The Khmer Rouge Tribunal (KRT) is a hybrid internationalized court established in 2006 by Cambodia and the United Nations to judge war crimes, genocide, and other crimes against humanity. Nearing the conclusion of its mandate, and with a decidedly mixed legacy, the KRT has several complicated tasks yet to complete.
You probably have not heard much recently about the Khmer Rouge trials in Cambodia. Is that even still a thing? Why, yes, yes, it is! But now in its sixteenth year of operation, the Extraordinary Chambers in the Courts of Cambodia (or the Khmer Rouge Tribunal, as it is more commonly known) has not been much in the news lately. There are a couple of reasons why that is so. For one thing, the media business in Cambodia has undergone a striking evolution in recent years. After having tolerated what was one of the most independent media environments in all of Southeast Asia following the 1992-93 UN peacekeeping operation there, the government of long-serving Prime Minister Hun Sen orchestrated a broad crackdown on media beginning in 2017.
This campaign began by expelling the independent Cambodia Daily from the country, and then organizing a take-over of the Phnom Penh Post by a government-friendly tycoon, resulting in an exodus of foreign journalists from the country. The government also curtailed broadcasts and reporting by the Voice of America and Radio Free Asia. Domestic Cambodian journalists soon started ending up in legal jeopardy on various pretexts. Other heretofore independent domestic media organs quickly got the message and began to tow the government line. And part of that line would appear to be that Hun Sen does not want to see very many stories about the Khmer Rouge Tribunal.
A more powerful reason that you have not heard much about the court lately, however, may be because it is in the final phases of its operations. Though considerable work remains to be done, there is not much action to be seen from the outside. The tribunal has always faced criticism from civil society observers for its relative lack of transparency; under the laws and regulations in force, judicial investigations are by their nature confidential, as are deliberations in the chambers of the courts. As a result, there is not much for outside observers to observe at the current juncture. Everything that is still going on is happening inside the principal organs of the court, including the Office of Co-Prosecutors, the Office of Co-Investigating Judges, the Pre-Trial Chamber, the Trial Chamber, and the Supreme Court Chamber.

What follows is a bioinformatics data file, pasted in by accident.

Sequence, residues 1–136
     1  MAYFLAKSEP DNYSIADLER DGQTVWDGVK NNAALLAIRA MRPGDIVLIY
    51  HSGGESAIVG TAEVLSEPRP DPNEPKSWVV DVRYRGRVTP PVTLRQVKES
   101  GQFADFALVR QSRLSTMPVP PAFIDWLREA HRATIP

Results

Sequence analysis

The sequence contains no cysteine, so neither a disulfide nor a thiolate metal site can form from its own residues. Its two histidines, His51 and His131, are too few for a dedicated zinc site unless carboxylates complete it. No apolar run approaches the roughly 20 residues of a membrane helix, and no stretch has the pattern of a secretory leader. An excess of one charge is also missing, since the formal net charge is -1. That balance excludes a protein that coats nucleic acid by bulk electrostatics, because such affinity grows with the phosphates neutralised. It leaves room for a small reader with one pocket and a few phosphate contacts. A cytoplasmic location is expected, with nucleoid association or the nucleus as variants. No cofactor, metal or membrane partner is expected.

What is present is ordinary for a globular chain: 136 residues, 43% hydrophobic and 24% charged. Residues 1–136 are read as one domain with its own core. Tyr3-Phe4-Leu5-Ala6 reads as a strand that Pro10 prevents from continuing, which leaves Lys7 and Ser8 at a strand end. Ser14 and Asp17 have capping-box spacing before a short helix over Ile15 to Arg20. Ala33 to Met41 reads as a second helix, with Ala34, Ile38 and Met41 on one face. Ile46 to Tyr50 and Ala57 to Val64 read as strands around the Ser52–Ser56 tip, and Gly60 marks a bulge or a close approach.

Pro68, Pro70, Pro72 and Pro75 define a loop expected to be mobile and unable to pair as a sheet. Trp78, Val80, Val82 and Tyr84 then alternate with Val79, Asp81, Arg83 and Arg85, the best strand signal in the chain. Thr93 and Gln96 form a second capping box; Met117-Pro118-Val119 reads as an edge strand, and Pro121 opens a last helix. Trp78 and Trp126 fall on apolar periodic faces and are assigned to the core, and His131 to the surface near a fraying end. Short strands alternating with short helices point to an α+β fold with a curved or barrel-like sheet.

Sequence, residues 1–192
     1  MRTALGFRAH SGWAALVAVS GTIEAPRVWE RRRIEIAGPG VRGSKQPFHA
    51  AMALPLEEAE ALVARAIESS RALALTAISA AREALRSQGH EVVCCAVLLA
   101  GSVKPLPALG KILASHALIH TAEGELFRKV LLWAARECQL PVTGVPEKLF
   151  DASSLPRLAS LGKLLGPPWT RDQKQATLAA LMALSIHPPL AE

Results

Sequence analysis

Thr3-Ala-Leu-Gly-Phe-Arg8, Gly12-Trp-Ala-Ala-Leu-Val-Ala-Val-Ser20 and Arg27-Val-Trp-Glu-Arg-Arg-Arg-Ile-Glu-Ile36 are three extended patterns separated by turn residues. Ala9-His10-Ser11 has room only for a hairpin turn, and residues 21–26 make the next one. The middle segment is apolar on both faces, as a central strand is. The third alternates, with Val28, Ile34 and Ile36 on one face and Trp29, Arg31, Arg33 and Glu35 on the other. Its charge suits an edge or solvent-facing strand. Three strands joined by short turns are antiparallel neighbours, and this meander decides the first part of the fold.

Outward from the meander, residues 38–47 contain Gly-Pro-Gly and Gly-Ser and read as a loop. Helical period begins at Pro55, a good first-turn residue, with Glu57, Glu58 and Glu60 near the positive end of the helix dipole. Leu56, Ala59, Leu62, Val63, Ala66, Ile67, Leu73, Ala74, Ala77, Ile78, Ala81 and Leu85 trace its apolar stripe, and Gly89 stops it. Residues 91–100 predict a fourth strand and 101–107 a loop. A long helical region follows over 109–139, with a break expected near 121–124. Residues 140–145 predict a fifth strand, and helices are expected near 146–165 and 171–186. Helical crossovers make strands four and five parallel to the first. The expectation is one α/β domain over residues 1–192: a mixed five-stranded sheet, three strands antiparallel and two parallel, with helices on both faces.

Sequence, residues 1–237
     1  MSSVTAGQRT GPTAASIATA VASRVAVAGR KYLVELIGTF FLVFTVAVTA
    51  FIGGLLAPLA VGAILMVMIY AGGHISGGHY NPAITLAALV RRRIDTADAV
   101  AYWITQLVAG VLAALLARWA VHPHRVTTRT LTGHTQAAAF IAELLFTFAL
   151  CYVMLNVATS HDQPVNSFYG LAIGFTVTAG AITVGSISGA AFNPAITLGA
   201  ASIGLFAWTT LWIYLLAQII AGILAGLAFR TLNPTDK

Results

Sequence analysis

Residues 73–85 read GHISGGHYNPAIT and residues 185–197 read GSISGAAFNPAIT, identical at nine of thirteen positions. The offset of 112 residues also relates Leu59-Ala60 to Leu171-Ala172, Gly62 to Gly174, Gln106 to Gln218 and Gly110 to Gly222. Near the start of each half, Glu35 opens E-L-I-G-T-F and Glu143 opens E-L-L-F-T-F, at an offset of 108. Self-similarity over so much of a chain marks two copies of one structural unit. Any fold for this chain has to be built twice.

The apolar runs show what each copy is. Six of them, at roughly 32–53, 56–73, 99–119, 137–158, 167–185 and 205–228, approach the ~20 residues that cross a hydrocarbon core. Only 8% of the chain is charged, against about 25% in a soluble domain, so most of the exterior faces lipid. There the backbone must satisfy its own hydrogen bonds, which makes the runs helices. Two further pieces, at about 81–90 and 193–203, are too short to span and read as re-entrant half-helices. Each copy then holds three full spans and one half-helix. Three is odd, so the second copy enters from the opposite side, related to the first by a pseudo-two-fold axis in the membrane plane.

A Long History of Cases: Pending, “Archived,” and Dismissed
One major case, denominated Case 002/02, is still pending at the court. It involves the Khmer Rouge regime’s former chief of state, Khieu Samphan. He is appealing his 2018 conviction in 002/02 for genocide and other crimes. Also convicted of genocide alongside Samphan was former Khmer Rouge “Brother Number Two,” Nuon Chea, but he died before his appeal could be completed. Both were also earlier convicted of crimes against humanity and war crimes in Case 002/01 and sentenced to life in prison. Samphan’s appeal in 002/02 stands to be very complex to adjudicate. For one thing, the Supreme Court Chamber will have to carefully review the reasoning in Trial Chamber’s judgment of the case—a judgment that is 2,387 pages long. If the past is prologue, the Supreme Court will not agree with all of the Trial Chamber’s reasoning, and so it will have to develop its own analysis of the evidence and legal elements in the case. For another, it will also have to analyze and develop legal arguments concerning the details of Samphan’s appeal, the summary of which lists many, many grounds of appeal, running to eighty-five pages. This, moreover, will have to be done with the scarce staffing which the donor community has forced upon all organs of the court, including the Supreme Court; donor fatigue set in long ago. As of this writing, the Supreme Court has estimated that they will not be able to complete the appeal judgment before the fourth quarter of 2022.
Khieu Samphan on the second day of the Initial Hearing of Case 002 in Phnom Penh on June 28, 2011. Photo is in the public domain.
And there is more. In addition to Case 002/02, the court also has case files denominated as Cases 003 and 004. Case 003 dealt with two senior Khmer Rouge military commanders, Sous Met, who was in charge of the Khmer Rouge air force, and Meas Muth, responsible for the Khmer Rouge navy. They were both also members of the Communist Party of Kampuchea Central Committee, and Deputy Chiefs of Staff for the Revolutionary Army of Kampuchea.
The International Co-Prosecutor lodged accusations against both men in 2008, and their cases immediately became a tangled saga. The National Co-Prosecutor opposed charging the two military leaders. In considering this dispute between the Co-Prosecutors, however, the Pre-Trial Chamber (PTC) was unable to assemble a super-majority to quash the case, so it proceeded to the Office of Co-Investigating Judges. There it languished for years. Sous Met died in 2013, extinguishing the case against him.